8. Is Inequality Bad?

No two people are the same. But our differences aren’t a bad thing. In fact, our differences allows us to use our special talents and skills to trade with others and live meaningful lives.


Key Terms

  • Division of labor: A production process involving many different people, each of whom specialize in and work on a different task, thereby collaborating to do something greater together than any one of them could do alone.
  • Dystopia: A society characterized by oppression, misery, and usually significant government coercion over people.


Here’s the transcription of our conversation:

Brittany: Hi Connor, how are you?

Connor: Hey, Brittany. I’m well, what are we chatting about today?

Brittany: So I actually have a question for you today.

Connor: All right.

Brittany: Ready? Is it okay to be special?

Connor: Is it okay to be special? My mom always told me, so I think so.

Brittany: Well, I was just thinking about it and if I’m special, doesn’t that mean that someone else isn’t special and if everyone is special, then doesn’t that mean? No one is special. I’ve been thinking about this a lot lately. Yeah. And I actually, I kinda wanna play a clip from one of my favorite Disney movies. The Incredibles real quick. If you wanna listen to this clip with me,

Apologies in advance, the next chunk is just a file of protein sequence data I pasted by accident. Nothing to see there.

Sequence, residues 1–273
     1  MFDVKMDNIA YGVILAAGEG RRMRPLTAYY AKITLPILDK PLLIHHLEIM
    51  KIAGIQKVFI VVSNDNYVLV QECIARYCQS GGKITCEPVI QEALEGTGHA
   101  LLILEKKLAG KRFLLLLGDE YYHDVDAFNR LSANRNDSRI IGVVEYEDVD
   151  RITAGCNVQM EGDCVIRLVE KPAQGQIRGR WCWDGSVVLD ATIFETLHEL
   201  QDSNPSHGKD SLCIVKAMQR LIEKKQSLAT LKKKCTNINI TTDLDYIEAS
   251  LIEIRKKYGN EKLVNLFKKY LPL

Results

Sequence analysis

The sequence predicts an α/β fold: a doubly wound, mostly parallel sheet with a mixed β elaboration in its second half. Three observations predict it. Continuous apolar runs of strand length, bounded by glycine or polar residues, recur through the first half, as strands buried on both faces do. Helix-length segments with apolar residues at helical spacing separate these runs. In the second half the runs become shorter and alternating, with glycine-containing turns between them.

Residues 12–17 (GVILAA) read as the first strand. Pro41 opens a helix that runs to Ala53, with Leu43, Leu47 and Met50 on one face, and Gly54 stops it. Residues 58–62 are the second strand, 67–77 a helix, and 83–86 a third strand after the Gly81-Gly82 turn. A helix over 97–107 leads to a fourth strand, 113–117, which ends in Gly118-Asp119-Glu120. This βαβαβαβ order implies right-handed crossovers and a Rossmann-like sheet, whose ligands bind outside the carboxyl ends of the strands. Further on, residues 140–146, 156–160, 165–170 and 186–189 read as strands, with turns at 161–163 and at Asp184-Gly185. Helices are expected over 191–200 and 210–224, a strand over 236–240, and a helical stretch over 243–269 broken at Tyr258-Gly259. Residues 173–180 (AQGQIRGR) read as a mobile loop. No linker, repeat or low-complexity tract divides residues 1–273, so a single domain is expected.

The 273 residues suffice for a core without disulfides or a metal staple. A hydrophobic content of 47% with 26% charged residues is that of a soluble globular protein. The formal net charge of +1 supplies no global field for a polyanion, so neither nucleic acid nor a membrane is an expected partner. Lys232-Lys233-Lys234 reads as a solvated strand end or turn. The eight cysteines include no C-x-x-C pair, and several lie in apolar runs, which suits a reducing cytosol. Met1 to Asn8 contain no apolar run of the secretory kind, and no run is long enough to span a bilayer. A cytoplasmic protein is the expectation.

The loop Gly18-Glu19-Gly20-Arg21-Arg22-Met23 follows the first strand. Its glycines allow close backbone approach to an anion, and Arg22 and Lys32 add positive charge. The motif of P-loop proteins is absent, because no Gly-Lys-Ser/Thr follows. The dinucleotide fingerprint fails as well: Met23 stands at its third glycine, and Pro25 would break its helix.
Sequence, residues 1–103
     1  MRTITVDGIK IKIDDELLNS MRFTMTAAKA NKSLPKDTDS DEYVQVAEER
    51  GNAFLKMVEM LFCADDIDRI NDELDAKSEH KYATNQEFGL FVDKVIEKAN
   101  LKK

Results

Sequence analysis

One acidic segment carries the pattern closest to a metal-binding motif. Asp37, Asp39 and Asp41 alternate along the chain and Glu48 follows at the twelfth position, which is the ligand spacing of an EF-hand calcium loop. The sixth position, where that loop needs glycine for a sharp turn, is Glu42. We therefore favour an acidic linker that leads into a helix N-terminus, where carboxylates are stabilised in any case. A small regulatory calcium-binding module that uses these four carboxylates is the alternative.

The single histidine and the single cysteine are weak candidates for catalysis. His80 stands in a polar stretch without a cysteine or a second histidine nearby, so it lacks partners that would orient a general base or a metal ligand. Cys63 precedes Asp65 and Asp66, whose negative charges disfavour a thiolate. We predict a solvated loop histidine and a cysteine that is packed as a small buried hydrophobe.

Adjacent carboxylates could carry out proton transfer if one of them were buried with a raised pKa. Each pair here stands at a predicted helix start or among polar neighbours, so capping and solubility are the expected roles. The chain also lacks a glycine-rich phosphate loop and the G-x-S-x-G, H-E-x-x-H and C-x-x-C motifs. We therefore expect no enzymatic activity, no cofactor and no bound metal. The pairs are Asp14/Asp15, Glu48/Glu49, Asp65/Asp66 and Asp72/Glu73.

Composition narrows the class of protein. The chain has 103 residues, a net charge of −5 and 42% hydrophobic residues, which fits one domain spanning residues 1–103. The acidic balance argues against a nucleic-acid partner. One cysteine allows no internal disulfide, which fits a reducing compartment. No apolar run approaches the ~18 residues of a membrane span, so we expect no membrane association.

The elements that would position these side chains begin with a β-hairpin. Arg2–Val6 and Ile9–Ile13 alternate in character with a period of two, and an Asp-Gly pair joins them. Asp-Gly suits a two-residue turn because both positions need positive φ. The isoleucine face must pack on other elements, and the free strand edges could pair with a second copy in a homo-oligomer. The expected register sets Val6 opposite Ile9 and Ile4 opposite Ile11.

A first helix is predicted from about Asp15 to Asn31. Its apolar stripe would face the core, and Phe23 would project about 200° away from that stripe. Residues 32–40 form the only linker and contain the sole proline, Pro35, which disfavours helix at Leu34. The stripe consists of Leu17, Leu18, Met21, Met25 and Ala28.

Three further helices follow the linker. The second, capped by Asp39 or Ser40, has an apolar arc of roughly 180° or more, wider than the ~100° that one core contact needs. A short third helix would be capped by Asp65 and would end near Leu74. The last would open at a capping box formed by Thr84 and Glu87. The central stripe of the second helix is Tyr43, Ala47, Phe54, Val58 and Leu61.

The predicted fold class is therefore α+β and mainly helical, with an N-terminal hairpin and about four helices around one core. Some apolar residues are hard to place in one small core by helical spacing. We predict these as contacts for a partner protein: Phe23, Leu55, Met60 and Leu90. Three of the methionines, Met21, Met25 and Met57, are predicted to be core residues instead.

Connor: All right, let’s hear it.

Helen (The Incredibles Movie): The world just wants us to fit in and to fit in. We just gotta be like everybody else.

Dash (The Incredibles Movie): But dad, we said our powers were nothing to be ashamed of. Our powers made us special.

Helen (The Incredibles Movie): Everyone’s special dash,

Dash (The Incredibles Movie): Which is another way of saying no one is

Connor: Ooh, that was profound,

Brittany: Right? Yeah. That’s Dash he’s one of my favorite characters. I think of all Disney movies too.

Connor: So why, why let’s unpack what he saying, right? Yeah. What does that mean for us?